What you must know before going for a safari holiday Image courtesy of Magical Kenya
26 October 2013 Written by 

What you must know before going for a safari holiday

Almost everyone who visits East Africa says a little "I wish" as they board the plane back home. The trip was fantastic but it could be better. So, they probably swore never to repeat some of the mistakes or miss out on some of the opportunities that presented themselves while on safari. Here are a few that you may want to consider. If you have not taken your trip yet, you will be surprised how significantly more these things will make your experience more memorable if not magical.

General Background reading or research

You're going to Uganda. You shouldn't have packed beach clothes because the country is landlocked. You're travelling to Kenya. She neighbours Tanzania so you did not have to book two tour operator companies. You're going to Tanzania. The people mainly speak Kiswahili. A language translation book would have saved you half an hour of miscommunication with the waiter at the restaurant. All these can be avoided if you do a little background reading and research of the country and region you intend to visit. Find out the language the people speak. Find out the geographical location. Find out the weather at that time of the year. Find out the distances between your intended places of travel. The difference between one who does a background research and one who does not could be saving hundreds of dollars and salvaging lots of precious time when talking to locals. A general background research will enlighten you on much and grant you a relaxed safari. It will also help you on how to pack your clothing.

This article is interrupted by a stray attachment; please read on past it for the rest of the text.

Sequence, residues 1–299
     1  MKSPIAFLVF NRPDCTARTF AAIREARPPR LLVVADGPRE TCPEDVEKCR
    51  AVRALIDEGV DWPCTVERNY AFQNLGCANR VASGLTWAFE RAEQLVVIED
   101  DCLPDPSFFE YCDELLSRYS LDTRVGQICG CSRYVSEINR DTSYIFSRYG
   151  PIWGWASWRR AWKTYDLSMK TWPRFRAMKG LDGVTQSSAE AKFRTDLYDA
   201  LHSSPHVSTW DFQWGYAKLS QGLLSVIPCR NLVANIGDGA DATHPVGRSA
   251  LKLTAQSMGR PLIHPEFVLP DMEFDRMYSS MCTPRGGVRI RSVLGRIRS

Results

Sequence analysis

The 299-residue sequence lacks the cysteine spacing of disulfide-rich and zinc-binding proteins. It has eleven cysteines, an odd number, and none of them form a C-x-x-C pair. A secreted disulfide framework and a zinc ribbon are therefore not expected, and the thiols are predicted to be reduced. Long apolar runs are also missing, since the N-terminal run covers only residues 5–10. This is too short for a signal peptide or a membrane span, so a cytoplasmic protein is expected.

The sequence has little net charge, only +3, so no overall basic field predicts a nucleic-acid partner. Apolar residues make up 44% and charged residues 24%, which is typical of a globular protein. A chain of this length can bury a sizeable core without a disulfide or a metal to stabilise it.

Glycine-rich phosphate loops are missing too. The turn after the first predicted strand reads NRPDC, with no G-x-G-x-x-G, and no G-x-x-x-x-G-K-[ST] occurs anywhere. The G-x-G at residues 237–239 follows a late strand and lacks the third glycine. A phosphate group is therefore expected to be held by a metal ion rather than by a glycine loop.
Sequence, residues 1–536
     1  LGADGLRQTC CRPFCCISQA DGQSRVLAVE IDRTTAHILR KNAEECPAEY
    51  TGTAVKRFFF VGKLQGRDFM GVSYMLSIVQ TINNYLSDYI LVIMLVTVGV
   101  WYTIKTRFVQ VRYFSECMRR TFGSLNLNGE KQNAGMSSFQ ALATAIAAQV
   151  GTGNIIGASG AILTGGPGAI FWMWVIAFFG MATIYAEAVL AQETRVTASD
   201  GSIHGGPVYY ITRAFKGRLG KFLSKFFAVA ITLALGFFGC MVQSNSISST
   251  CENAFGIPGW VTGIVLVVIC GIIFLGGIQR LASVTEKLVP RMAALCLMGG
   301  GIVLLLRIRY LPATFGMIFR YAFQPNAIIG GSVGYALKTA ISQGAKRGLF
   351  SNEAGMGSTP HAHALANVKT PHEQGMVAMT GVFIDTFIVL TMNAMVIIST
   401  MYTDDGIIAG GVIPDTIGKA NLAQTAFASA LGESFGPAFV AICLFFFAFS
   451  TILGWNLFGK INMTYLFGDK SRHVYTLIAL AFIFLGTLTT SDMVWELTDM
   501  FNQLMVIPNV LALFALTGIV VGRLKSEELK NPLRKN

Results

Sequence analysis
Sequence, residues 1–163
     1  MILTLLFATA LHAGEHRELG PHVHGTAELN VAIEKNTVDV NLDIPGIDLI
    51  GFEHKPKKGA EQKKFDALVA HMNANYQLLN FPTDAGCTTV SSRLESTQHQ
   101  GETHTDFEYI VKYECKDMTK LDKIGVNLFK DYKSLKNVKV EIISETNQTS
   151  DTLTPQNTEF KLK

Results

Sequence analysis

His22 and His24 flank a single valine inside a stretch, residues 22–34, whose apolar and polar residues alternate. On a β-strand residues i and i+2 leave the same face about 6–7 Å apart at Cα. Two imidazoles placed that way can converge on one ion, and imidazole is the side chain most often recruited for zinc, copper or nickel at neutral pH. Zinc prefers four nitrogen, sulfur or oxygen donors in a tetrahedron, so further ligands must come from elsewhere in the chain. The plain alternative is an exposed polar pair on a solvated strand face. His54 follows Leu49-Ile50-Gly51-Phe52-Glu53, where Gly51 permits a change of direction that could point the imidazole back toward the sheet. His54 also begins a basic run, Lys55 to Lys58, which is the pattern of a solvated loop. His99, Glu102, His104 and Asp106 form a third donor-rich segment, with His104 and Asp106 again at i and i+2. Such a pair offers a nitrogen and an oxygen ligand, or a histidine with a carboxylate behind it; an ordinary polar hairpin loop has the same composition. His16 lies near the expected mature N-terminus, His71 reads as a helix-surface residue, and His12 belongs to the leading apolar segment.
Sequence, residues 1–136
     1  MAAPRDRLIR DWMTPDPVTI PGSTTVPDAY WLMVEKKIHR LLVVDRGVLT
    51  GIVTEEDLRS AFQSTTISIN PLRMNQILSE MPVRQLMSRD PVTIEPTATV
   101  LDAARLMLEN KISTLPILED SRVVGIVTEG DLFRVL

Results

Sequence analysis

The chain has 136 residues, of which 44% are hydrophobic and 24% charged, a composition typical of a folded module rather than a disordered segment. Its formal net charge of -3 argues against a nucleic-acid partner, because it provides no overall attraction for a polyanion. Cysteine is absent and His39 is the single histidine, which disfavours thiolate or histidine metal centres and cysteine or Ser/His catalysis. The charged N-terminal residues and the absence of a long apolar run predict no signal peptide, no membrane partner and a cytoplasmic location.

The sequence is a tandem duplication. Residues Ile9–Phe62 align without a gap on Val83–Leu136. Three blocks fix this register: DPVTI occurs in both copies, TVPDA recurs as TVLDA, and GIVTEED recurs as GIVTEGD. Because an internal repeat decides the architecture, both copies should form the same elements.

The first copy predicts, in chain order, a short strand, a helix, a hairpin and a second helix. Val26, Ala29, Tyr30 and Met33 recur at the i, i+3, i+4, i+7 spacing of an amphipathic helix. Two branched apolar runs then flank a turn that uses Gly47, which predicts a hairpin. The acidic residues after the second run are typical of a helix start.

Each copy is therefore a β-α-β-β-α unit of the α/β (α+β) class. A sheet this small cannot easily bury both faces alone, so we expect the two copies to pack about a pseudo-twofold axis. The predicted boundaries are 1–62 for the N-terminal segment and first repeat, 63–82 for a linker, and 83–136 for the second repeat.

Technology

Almost all my friends who left East Africa to study abroad were met with surprised foreigners who thought African live in trees, relax in caves, are neighbours with Tarzan and keep lions for pets. Many of these foreigners are surprised that skyscrapers, telephones, Internet, traffic and even some of the latest fashion and technological advancements are found in Africa. So yes, do carry your laptop if you want to browse - the lodges have Wi-fi. Do carry your cell phone - you can make a few calls home. Do carry your debit card - you can pay via Visa and you can withdraw from ATMs. Technology is a convenience for any trip. Find out which one you need most. It is available in Africa.

Footwear

Most safaris are in the wild. Tourists may want to take walks with the local warriors into the savannah. Trekking and hiking are great activities while on safari. Even if you do not like hiking, chances are there will be some good walking to do. Carry a comfortable pair of shoes.

Camera